Paul Marginson in S Corby, S Palmer, E Lindop(eds), Rethinking Reward, Palgrave Macmillan, pp102-19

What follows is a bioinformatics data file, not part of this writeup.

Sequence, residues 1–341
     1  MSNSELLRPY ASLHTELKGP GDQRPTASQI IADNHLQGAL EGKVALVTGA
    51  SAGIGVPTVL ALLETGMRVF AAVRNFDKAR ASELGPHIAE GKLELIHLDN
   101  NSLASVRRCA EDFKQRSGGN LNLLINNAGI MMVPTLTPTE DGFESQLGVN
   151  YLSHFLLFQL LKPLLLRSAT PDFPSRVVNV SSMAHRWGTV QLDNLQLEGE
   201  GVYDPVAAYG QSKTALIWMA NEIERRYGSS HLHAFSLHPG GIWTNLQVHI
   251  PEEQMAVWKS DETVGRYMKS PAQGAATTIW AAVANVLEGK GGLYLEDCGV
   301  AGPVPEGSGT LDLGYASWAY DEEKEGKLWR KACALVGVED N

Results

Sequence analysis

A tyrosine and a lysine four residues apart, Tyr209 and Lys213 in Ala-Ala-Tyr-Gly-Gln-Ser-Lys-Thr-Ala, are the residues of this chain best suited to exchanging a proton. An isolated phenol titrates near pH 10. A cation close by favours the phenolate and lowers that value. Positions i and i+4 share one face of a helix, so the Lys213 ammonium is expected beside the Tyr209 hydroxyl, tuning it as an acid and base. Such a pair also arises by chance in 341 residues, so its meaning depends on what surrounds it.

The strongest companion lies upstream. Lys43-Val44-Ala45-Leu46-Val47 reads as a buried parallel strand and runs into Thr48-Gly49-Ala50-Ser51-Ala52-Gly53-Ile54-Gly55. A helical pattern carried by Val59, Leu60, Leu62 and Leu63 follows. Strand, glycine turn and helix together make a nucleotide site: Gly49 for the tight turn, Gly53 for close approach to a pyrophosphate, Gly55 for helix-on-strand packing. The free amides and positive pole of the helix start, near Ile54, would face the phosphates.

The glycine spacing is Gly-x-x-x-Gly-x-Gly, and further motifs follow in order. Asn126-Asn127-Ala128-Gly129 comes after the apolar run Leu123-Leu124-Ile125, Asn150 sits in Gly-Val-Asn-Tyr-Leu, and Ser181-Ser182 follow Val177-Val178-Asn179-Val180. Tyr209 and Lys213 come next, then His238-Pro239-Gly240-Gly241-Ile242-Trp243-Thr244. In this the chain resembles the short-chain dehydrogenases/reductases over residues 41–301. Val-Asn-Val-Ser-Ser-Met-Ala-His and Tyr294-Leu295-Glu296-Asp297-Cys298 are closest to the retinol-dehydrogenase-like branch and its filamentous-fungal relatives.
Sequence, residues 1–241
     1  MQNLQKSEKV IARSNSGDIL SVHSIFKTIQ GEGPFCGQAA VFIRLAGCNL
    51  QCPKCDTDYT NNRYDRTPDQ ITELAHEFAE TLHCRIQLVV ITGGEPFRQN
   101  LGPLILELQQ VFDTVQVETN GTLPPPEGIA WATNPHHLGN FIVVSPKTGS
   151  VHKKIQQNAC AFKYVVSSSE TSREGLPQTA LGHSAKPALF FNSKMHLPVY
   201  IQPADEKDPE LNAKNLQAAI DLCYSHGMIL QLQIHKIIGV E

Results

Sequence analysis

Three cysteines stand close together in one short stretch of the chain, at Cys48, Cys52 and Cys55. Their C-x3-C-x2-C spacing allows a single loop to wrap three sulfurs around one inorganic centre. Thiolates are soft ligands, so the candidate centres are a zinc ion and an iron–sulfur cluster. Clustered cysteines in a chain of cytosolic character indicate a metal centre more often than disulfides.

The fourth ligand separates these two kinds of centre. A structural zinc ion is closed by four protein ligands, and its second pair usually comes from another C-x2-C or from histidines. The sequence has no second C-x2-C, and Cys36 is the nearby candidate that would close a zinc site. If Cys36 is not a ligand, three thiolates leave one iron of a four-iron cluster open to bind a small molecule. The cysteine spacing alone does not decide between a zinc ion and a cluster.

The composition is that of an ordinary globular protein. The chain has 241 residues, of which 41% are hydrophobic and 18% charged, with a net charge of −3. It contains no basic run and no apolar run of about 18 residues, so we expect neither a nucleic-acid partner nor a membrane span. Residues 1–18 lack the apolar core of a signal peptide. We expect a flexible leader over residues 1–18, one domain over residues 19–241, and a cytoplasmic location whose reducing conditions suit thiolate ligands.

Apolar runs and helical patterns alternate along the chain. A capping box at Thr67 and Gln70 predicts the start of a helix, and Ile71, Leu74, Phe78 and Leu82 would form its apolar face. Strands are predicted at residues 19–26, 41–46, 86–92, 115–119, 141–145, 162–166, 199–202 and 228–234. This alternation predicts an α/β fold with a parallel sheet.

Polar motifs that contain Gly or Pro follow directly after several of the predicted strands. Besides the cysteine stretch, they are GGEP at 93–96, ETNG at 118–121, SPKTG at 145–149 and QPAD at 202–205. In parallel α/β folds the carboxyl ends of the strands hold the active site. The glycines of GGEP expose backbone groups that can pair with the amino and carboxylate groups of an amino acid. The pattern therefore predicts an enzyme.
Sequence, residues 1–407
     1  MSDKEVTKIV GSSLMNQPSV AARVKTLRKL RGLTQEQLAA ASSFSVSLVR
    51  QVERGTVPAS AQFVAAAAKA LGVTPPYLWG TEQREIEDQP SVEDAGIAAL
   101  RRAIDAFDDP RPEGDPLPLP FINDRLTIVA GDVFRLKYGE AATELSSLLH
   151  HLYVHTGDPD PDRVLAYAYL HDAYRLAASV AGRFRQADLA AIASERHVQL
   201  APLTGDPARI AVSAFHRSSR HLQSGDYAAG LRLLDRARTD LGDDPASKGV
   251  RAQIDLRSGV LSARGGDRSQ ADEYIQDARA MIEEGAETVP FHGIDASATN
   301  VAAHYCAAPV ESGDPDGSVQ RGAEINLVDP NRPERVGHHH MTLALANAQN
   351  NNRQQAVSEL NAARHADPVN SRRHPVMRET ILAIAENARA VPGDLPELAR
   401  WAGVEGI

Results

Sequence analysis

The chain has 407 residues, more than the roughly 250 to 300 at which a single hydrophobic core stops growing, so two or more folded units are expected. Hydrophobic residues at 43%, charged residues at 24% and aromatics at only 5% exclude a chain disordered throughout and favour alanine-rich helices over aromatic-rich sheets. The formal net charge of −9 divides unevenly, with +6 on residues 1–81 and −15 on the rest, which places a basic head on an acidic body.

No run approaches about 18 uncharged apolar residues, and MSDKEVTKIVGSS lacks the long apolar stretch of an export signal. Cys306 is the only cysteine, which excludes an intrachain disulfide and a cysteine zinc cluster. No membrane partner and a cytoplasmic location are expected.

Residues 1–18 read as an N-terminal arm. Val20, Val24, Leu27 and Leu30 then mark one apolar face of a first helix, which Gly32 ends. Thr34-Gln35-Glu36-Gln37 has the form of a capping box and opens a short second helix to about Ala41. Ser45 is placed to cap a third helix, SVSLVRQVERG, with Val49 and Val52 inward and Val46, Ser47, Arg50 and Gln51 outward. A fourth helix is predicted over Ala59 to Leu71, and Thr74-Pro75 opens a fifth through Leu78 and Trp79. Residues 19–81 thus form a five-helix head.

The rise of performance payments systems (PPS) is widely presumed to entail negative consequences for the capacity of trade unions to regulate levels of, and increases in, pay through collective bargaining. Yet, remarkably little is known about the actual relationship between variable pay and collective bargaining – whether the former undermines, leaves in place or prompts a reconfiguration of the latter. Much of the relevant literature ignores the role of unions, and therefore the implications for collective bargaining. The chapter addresses what is a significant gap. It reviews the management objectives associated with, and union responses to, different types of PPS and argues that the relationship between PPS and collective bargaining is open to a range of possibilities. Drawing on a comparison of company case studies in two sectors for the UK, and cross-national evidence from three further European countries with different institutional arrangements for collective pay setting, the chapter concludes that the implications of VPS for collective bargaining are shaped by the type of scheme involved, the level at which it operates, sectoral characteristics and cross-country differences in the institutions underpinning collective bargaining.